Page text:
The Hippo


Jul 17, 2019








FCCNCF classroom. Courtesy photo.

 Children at risk

A report from the National Council on Family Relations released in 2018 found that children with incarcerated parents are:
 5 to 6 percent more likely to develop depression and anxiety
 18 to 33 percent more likely to exhibit aggression
 47 to 49 percent more at risk of infant mortality
 94 to 99 percent more at risk of childhood homelessness

Family ties behind bars
Teletherapy connects inmates and their families


 By Scott Murphy 
Family Ties, a new program providing virtual counseling services between inmates and their loved ones, will give kids better access to their incarcerated parents.
The New Hampshire Department of Corrections’ Family Connections Center will run Family Ties along with child and family counselors from Womankind Counseling Center in Concord, the Greater Nashua Mental Health Center and the University of New Hampshire’s Marriage and Family Therapy Center. 
“One of the areas where the [Family Connections Center] needed strengthening is connection between incarcerated parents and their children, whether it’s mending broken bridges or maintaining relationships,” said Kristina Toth, program administrator for the Family Connections Center. “We’re trying to create stronger families as a whole, as well as helping to strengthen co-parenting relationships for parents that are no longer a couple.”
The New Hampshire Charitable Foundation awarded a one-year, $25,000 grant to Womankind Counseling Center in Concord last December to launch Family Ties. 
The goal of Family Ties is to reach as many New Hampshire children with incarcerated parents as possible, which totals about 13,500, according to Toth. The Family Connections Center will work to coordinate therapy sessions for inmates, their children and their spouses or co-parents from early on in the parent’s sentence up until their release back into the community. Children and their caregivers will meet with a counselor at one of the program’s healthcare providers in Concord, Durham or Nashua, while the parents in jail will televisit into the session.
Family Ties is available to fathers at the New Hampshire State Prison for Men in Concord and the Northern New Hampshire Correctional Facility in Berlin who have completed certain classes provided by the Family Connections Center. 
Toth said the program’s first participants began counseling in May, and there are currently only a small number of families in the program. This is due to a “slow start” because of the amount of time it takes to plan and recruit partner agencies that can provide counseling, Toth said.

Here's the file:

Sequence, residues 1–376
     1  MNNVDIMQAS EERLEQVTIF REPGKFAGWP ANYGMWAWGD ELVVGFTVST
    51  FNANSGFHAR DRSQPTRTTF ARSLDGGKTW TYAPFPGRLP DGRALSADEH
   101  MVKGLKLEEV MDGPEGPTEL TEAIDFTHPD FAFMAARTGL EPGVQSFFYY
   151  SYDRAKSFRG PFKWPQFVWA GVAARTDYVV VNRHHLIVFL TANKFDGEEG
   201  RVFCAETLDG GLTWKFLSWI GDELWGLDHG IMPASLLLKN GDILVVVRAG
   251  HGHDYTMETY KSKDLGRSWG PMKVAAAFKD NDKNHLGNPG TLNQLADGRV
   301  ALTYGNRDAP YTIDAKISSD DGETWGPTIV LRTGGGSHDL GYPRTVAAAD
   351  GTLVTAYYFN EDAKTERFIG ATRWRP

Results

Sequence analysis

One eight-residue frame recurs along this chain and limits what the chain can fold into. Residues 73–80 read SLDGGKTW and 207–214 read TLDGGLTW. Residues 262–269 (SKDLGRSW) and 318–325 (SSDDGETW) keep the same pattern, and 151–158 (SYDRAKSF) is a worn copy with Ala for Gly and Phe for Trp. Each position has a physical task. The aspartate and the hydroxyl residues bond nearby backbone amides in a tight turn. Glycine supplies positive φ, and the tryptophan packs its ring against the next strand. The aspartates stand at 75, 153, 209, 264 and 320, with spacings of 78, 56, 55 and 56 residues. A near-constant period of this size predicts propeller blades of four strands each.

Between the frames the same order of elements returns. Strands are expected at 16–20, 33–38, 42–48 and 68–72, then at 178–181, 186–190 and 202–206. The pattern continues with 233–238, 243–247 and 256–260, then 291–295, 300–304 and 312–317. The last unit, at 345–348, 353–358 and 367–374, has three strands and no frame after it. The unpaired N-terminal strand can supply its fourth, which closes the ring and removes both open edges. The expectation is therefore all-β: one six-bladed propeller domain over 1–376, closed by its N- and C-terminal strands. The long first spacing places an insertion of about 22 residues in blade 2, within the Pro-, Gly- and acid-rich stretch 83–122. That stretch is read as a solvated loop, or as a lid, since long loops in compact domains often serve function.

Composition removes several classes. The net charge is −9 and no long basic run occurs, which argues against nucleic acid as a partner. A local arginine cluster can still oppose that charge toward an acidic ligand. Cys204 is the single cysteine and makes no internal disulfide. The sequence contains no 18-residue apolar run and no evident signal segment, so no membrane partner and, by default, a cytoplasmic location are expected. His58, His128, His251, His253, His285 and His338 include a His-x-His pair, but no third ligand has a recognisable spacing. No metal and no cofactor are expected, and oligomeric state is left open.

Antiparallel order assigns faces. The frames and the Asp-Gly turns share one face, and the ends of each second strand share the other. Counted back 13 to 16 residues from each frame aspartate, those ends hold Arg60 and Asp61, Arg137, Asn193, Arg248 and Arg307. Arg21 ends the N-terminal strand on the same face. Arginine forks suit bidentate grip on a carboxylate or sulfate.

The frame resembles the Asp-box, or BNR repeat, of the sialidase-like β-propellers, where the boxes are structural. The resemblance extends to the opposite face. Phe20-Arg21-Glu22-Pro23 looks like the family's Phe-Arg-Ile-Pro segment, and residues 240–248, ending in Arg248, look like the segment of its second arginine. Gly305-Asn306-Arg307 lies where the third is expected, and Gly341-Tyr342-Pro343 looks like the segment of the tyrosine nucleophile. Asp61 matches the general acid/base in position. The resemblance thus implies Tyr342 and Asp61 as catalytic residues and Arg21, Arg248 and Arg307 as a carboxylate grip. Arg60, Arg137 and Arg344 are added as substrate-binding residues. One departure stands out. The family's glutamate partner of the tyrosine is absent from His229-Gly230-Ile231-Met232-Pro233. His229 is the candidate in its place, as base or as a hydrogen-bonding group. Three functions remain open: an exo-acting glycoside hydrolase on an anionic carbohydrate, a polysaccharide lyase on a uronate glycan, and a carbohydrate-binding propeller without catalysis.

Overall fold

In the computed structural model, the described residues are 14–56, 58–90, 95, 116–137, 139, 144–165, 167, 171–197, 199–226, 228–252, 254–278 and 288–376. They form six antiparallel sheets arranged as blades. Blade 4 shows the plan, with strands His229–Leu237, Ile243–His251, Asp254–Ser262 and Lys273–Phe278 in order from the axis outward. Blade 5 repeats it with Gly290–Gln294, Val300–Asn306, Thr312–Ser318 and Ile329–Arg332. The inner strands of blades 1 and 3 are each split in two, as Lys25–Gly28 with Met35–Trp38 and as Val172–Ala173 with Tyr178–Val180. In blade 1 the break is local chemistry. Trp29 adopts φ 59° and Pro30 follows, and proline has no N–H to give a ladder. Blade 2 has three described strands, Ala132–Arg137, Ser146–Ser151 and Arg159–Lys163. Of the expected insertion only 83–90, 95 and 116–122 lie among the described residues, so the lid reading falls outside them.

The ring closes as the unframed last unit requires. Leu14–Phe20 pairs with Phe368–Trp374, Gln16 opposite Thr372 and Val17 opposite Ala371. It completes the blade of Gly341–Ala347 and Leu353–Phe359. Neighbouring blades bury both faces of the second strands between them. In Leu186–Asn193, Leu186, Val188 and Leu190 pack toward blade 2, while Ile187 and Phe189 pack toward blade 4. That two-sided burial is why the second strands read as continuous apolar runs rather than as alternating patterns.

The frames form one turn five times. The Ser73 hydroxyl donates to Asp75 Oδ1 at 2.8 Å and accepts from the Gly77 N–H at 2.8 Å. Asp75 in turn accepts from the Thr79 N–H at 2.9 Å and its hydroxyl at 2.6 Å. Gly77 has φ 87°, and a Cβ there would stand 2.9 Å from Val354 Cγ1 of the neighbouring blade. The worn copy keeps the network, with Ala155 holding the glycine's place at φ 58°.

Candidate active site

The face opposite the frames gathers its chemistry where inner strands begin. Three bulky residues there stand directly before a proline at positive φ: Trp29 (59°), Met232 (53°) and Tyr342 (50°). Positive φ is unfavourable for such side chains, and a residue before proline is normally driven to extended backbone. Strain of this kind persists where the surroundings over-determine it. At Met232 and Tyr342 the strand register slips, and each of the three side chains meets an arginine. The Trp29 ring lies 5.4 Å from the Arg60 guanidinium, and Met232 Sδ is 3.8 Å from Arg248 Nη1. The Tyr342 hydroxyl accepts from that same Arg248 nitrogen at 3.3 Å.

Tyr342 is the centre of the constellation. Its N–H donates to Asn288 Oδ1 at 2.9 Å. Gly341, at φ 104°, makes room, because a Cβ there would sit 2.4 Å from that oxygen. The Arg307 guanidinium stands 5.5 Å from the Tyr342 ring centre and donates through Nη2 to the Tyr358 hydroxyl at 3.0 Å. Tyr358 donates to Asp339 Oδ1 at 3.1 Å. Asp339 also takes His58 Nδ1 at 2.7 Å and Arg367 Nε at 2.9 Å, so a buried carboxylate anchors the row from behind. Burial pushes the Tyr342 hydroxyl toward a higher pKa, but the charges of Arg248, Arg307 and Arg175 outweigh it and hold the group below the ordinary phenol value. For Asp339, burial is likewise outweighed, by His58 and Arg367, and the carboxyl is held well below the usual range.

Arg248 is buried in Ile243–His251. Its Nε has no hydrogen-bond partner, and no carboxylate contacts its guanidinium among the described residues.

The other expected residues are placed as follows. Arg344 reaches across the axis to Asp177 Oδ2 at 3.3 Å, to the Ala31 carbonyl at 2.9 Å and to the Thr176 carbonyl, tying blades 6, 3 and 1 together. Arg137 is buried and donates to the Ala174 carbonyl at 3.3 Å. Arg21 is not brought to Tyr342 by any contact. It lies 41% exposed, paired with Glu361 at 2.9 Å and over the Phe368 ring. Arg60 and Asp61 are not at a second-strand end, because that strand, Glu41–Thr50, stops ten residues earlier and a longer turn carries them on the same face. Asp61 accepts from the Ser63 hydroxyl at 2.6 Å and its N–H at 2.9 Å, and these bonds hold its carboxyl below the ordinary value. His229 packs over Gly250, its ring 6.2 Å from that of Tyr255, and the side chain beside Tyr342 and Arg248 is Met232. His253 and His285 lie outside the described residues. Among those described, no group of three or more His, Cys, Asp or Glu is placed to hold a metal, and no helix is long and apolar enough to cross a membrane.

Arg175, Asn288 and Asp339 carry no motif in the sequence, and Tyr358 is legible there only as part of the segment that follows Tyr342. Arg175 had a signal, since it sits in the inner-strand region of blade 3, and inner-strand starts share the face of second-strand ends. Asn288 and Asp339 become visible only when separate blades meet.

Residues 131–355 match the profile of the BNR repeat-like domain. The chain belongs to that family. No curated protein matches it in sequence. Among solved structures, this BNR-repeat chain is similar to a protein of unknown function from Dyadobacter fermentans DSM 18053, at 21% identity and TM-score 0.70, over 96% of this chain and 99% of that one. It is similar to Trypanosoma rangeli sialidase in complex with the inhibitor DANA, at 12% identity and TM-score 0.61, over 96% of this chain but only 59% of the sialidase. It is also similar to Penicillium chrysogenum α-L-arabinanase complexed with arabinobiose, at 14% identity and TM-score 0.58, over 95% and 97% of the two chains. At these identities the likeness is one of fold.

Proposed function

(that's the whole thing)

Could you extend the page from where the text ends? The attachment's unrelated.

Barbara Frankel, director of the Marriage and Family Therapy Center at UNH, said the center has a longstanding relationship with the Family Connections Center and received its first referral last month. She said the center is staffed by graduate students at UNH and provides a “dual purpose of providing quality training and an amazing service to the community.” She also said the center has a flexible fee scale, and participants in the Family Ties program could potentially continue counseling sessions at little or no cost.
“This is a wonderful opportunity for us to help incarcerated fathers and families to stay connected and build and maintain their relationships, so they can be stronger families when they return to the community,” Frankel said. “This is meant to help children manage the separation in a way that heals and makes parent connections possible once they are brought back together.”
Family Ties received an extension for its grant from the New Hampshire Charitable Foundation until June 2019, by which point Toth hopes to reach the program’s initial goal of helping an estimated 240 children and 190 incarcerated parents. This includes a resiliency seminar which will teach incarcerated parents how to build coping skills and overcome adversities related to parenting behind bars. 
Over the next several months, Toth hopes to expand the program to include the Correctional Facility for Women in Concord, as well as other family health organizations across the state. She said the Greater Nashua Mental Health Center was the most recent organization to join Family Ties and is helping the program reach more families in southern New Hampshire. 
“Having these partnerships in place will help us continue the program [after June 2019],” said Toth. “We’re hoping to build a bigger network of organizations willing to work with these families.” 

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